One could argue that the above example is due to the fact that Thomas Edison was inherently an optimist; yes, this may be true, but either way, optimism can be learned. Although there may well be a genetically inherited component to optimism, research has found that 40% is in our control (Baumeister, 1991). This is where active effort comes into play; we can teach ourselves to be optimists, but it takes work.
Learning how to be more optimistic starts with listening to the way we describe both the good things and the bad things that happen to us; I refer to this as taking an observer stance. If we are aware of how we think about things, we can begin to make active efforts to challenge and restructure our thought patterns to be more adaptive for us.
I often tell my clients that applying Positive Psychology principles to one’s life and creating happiness is very much like working out—you have to put in the effort, sometimes it is not easy, but in the end the results make it all worthwhile.
Happiness is not something that just happens to us but rather something that we must consciously choose and work at.
Positive psychology demonstrates that we can improve our level of happiness by changing how we focus on the world and that optimism can be learned.
Taking an “observant stance” increases self-awareness and the opportunity to choose and direct our actions to create more opportunities for subjective well being.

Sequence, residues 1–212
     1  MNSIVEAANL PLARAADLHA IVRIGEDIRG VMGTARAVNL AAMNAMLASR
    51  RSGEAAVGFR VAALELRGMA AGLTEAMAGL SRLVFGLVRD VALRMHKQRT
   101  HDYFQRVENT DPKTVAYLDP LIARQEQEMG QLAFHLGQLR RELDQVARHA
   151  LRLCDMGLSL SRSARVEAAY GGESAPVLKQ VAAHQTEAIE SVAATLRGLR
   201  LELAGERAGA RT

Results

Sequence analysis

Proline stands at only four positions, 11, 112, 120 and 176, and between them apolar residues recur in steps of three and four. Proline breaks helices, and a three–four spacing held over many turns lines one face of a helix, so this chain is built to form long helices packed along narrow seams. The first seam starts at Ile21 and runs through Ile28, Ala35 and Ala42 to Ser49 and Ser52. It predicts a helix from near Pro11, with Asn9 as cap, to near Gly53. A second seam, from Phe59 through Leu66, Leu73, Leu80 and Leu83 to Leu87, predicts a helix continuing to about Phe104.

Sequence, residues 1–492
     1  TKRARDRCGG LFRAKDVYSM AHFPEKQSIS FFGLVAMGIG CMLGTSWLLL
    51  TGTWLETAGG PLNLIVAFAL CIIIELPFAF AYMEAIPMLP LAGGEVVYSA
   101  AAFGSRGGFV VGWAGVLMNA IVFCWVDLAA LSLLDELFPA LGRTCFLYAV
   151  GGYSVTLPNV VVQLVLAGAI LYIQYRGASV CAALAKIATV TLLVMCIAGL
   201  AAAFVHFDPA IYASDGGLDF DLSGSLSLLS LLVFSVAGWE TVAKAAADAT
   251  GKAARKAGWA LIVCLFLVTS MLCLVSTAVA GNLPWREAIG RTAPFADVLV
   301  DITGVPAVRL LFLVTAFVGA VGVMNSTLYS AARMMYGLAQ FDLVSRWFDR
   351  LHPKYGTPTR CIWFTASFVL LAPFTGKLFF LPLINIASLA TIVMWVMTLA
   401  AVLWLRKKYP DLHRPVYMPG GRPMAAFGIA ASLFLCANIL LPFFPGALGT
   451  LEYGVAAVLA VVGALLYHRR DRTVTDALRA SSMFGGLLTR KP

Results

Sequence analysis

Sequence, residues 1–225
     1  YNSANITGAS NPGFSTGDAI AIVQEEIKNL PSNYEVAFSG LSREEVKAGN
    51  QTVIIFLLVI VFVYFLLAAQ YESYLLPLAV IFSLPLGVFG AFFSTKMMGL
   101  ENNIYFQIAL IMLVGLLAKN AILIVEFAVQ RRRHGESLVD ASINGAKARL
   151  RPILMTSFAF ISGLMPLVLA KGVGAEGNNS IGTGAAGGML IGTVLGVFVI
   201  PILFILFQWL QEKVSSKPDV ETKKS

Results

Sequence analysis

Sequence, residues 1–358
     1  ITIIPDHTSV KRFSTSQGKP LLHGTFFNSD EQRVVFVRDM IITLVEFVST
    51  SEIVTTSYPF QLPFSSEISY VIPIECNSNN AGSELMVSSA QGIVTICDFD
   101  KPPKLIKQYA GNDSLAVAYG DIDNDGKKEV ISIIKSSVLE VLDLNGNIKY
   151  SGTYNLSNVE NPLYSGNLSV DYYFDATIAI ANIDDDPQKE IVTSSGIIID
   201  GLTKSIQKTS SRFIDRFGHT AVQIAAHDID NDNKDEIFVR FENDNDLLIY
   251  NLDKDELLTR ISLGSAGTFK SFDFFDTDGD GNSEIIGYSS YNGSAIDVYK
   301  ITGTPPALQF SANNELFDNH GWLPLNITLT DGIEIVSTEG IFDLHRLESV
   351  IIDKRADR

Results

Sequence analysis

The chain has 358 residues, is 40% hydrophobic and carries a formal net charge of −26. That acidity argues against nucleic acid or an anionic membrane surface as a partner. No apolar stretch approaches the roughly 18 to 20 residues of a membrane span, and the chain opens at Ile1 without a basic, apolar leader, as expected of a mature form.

(References listed at closing)
Dr. Jimenez immediately pointed out that active work and effort are required in cultivating positive emotions. And there are specific ways to do that. Let us not forget that there is a science to happiness where positive emotions are the result of specific activity occurring in the brain. Neuroscientists have discovered that certain behaviors, actions, and experiences release particular chemicals in the brain called neurotransmitters which create positive emotions.
This is not as simple as choosing to be happy. Have you ever been depressed or know someone who is? A depressed person knows that it’s not merely a matter of choice. Happiness can more accurately be likened to a skill rather than a choice. It is something that can be learned, and for many of us actually needs to be learned in order to be achieved.
So if you’re interested in learning a new skill, why not choose happiness? Turns out that choosing happiness is no different than choosing to play the guitar, or to salsa dance, or to rock climb. You can’t simply decide to be a guitarist and expect to pick up a guitar and play. With enough focused attention and practice you can play masterfully. So too, you can master your own happiness.
Increased happiness begins with a choice, and requires that you form new habits, both mental and behavioral. It will take active work and effort. It may even be hard, but as Dr. J points out, totally worth it. Understanding and accepting this, as Dr. Jimenez mentions, is key to cultivating the joy we desire in our lives.
Baumeister, R.F. (1991). Meanings of Life. New York: Guildford.
Schacter, D. L., Gilbert, D. T., & Wegner, D. M. (2010). Psychology. (2nd ed.). New York: Worth Pub.
Syed, M. (2010). Bounce: Mozart, Federer, Picasso, Beckham, and the science of success. (p. 128). New york: Harper